The CES Keynote yawn: is it Ballmer or is it Microsoft?

The early returns are filtering in, and our personal first impressions, along with others from around the web, were, shall we say, underwhelming.  Nick Eaton at the Seattle PI, for one, was left wanting:

What we don’t know is why Microsoft is still opening CES. It announced some updates. It announced some projects. It talked about existing products. Yes, Kinect is going gangbusters — but Microsoft did not put on a consumer-electronics show tonight.

and Larry Dignan at ZDNet echoes the sentiment:

I think it’s time for the Consumer Electronics Association to cut Microsoft loose and bring in a real innovator to deliver the opening keynote speech at CES.

Last night’s on-stage presentation by CEO Steve Ballmer and crew was, quite frankly, embarrassing. The company didn’t have any real news to share, aside from some talking avatars, Kinect technology in a Netflix app and an update to Microsoft Surface. And they insulted the intelligence of those in attendance by trying to mask a keynote speech with highlights from the past year.

ballmer-kinectTo recap, Microsoft began strong by showing off the latest from Xbox, including some nice Kinect sales numbers, Avatar Kinect, and Kinect-driven Netflix, but the anticipation of either new functionality for the Xbox to provide Google/Apple TV type all-in-one connected TV experiences, or as had been rumored, a new set top box powered by Microsoft to do the same thing, failed to materialize.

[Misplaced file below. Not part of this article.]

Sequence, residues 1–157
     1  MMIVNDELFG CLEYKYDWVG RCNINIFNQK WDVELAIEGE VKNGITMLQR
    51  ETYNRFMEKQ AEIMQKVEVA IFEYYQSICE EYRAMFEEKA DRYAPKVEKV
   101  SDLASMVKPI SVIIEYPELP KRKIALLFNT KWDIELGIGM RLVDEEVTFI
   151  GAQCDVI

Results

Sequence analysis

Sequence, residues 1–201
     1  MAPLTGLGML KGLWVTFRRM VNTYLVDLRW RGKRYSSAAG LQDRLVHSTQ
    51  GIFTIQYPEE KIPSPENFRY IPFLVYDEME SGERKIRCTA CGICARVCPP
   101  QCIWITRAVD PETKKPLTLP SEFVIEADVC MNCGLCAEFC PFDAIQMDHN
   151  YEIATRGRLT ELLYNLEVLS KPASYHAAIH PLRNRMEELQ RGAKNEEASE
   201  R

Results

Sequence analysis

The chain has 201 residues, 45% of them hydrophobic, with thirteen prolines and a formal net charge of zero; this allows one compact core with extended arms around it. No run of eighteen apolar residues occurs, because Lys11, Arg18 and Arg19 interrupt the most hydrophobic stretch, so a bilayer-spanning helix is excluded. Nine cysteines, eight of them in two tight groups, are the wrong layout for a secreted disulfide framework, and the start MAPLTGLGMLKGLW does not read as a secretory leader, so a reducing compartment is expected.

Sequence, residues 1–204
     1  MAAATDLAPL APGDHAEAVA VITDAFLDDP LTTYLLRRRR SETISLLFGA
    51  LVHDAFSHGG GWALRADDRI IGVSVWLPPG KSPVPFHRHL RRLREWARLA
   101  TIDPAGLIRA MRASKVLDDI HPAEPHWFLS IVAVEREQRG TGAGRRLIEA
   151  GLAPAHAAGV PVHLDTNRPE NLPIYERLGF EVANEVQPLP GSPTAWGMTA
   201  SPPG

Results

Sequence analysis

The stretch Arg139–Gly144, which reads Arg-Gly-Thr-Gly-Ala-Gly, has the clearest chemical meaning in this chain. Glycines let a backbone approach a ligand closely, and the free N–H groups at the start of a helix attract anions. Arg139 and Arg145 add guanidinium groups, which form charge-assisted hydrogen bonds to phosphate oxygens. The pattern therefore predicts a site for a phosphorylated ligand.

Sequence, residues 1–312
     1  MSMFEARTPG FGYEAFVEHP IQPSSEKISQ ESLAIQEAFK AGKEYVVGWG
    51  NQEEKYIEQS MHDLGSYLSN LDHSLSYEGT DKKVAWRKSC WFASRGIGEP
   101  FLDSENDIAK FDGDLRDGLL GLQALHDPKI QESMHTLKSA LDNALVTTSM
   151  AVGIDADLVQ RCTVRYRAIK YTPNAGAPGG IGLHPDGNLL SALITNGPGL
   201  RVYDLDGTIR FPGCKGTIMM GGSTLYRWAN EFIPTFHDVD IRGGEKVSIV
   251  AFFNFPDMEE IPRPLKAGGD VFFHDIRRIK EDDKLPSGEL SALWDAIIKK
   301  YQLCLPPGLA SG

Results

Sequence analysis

(photo credit Damien Koh, CNET Asia)

And indeed there’s quite a little tizzy going on right now on the blogs and on Twitter about the meaning of Microsoft’s announced “8 million Kinects sold” figure.  Dina Bass clarified from Microsoft that those numbers were “sold in” to the retail channel, not “sold through” to consumers.  Here’s her Twitter recap:

Then Steve Ballmer rolled out the same (up until now empty) promises of copy/paste coming to Windows Phone (just do it already, where was the “download it now!” announce?), pouted about how people didn’t realize how cool WP7 is, and trotted out some marketing type to read off of PowerPoint slides on how great all the (already announced, old news) features of Windows Phone were.  Hint: instead of 7 old features, give us 1 or 2 new ones, mmmkay?

Last came the vaporware part of the show, where (complete with hacked up computer wiring, ooooh!) Microsoft showed off Windows v.Someday running on ARM processors.  And it can print!  Great, when it finally comes out we’ll be able to read all about it on our Android tablets.

The Ballmer show is definitely getting old.  In every keynote it’s the same formula, the same forced enthusiasm, the same droning tones that make even the occasional exciting announcement sound boring.  And as usual, this keynote was all about Microsoft Promise, and Microsoft ReHash, but no Microsoft Deliver.  Although a new website popped up with more copy/paste promises, at least it is called “January-Update.aspx”, giving us a little hope for something concrete coming soon from Redmond, which must be the smoke and mirrors capital of the world.